The only facts known to the defendant, Adriana Rodriguez, was that Yogi was going to teach the snitch a lesson by blinding and deafening him. There was never any talk of “murder” to the defendant Adriana Rodriguez, and after she was apprehended, she gave a full confession that did not include the knowledge that she knew of any planned murder.

At trial, Rodriguez relied on the defense of the “independent act doctrine.”    The ‘independent act’ doctrine arises when one co-defendant, who previously participated in a common plan, does not participate in acts committed by his co-defendant, ‘which fall outside of, and are foreign to, the common design of the original collaboration. See, Ray v. State, 755 So. 2d 604, 609 (Fla. 2000) (quoting Dell v. State, 661 So. 2d 1305, 1306 (Fla. 3d DCA 1995). Here, Rodriguez was arguing that she was unaware that “any” murder was going to take place and that the plan only called for teaching the snitch a lesson, by making him deaf and blind. Rodriguez in fact put on testimony and facts to corroborate her defense, by not only playing her confession but through witness testimony that shown she was not present during the murder and was wondering at the time of the murder what was taking so long, as the length of time was outside the “plan” of beating the victim.

In Florida, and as Rodriguez rightful argues, where there is evidence from which a jury could determine that the acts of the co-defendant resulting in murder are independent from the underlying felony that he or she knew or planned, a defendant is entitled to an independent act instruction. See, McGee v. State, 792 So. 2d 624, 626 (Fla. 4th DCA 2001). Remember, Rodriguez was only aware of the “battery” or beating that the snitch was going to receive from her boyfriend Yogi. Rodriguez was never made part of any murder of the snitch and never knew those facts were part of the plan. Under Florida law, the act is said to be ‘independent’ not only because it is committed by another person, here Yogi, but also because it is independent of the common scheme or design to commit a felony, here Rodriguez only knew of a “battery” and not a plan of murder.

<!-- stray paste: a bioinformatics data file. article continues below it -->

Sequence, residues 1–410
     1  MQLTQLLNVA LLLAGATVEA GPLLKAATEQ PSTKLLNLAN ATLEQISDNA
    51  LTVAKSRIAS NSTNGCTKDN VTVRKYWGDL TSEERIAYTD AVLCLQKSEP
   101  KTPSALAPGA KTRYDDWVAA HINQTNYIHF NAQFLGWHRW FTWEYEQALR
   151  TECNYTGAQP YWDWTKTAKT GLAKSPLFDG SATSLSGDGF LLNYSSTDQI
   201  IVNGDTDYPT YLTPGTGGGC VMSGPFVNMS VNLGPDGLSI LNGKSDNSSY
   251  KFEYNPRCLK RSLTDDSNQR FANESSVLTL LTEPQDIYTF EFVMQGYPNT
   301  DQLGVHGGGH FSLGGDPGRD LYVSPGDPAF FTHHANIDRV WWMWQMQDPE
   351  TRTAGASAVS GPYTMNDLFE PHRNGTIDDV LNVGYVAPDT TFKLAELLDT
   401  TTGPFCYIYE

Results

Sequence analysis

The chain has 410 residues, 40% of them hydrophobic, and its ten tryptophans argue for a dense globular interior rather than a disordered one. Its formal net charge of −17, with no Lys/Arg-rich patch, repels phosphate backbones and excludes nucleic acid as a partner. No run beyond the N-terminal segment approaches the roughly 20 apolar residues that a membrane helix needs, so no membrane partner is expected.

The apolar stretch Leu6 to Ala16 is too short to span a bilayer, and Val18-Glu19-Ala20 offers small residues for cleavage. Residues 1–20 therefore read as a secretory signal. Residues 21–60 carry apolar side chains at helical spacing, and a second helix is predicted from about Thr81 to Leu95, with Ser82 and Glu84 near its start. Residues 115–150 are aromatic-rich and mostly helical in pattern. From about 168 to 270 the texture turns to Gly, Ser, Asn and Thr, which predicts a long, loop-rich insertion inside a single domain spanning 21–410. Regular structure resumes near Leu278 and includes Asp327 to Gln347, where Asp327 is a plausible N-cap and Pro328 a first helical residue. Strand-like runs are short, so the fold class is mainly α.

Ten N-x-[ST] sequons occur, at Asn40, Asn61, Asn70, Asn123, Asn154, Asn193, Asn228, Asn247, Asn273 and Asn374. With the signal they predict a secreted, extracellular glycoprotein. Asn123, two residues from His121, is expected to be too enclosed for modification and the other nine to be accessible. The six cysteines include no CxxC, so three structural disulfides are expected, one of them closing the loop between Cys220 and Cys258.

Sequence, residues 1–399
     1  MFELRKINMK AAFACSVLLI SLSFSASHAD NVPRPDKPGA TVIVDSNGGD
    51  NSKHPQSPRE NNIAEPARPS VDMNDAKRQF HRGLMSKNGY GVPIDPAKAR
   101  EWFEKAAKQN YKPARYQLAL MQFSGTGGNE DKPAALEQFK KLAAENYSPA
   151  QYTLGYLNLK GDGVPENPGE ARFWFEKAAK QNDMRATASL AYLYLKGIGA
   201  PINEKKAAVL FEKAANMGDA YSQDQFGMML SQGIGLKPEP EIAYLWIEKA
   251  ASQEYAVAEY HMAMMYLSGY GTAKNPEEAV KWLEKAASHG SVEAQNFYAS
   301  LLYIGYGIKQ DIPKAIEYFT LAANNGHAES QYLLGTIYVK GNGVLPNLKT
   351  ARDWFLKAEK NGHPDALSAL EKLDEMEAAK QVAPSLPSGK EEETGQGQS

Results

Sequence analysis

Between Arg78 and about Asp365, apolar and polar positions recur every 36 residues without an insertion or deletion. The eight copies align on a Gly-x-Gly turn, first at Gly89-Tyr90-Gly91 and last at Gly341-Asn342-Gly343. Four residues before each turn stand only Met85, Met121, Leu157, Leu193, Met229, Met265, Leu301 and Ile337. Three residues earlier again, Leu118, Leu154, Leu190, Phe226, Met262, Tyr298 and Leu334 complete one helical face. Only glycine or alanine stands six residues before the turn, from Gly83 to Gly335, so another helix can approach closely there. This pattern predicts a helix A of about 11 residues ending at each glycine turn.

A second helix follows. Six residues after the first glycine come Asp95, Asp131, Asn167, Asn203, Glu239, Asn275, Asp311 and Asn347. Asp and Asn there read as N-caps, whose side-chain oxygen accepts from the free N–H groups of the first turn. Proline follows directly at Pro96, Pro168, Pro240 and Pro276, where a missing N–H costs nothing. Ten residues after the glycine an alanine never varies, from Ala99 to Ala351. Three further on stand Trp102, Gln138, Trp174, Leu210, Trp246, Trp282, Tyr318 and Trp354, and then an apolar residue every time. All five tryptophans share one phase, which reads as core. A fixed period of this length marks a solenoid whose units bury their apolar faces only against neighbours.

Only what Rodriguez knew is the question for the Judge and Jury to consider; in the Independent Act Theory. The final result of the criminal act or actions of others is not the concern of the Judge or Jury! One may not like the law, but we are either a country of laws or a country of men. Moreover, the independent act theory of defense has been viable in Florida on all murder charges and has been articulated in Williams v. State, 34 So. 3d 768, 771–72 (Fla. 2d DCA 2010). There, the Appellate Court laid out the independent act instruction and how it relates to the felony murder doctrine, like in this case.

When trial judges, like here, make mistakes regarding jury instructions they in fact commit reversible error. When reversible error occurs, the defendant like Rodriguez, is entitled to a new trial because she was not offered a “fair trial” under the law. If you or a loved one is facing criminal charges in West Palm Beach, FL then contact criminal defense lawyer Andrew D. Stine at 561.880.4300. Palm Beach Criminal Lawyer Andrew D. Stine has been defending those accused of crimes for well over a decade. Do like thousands have done before you and Hire Stine or Do the Time!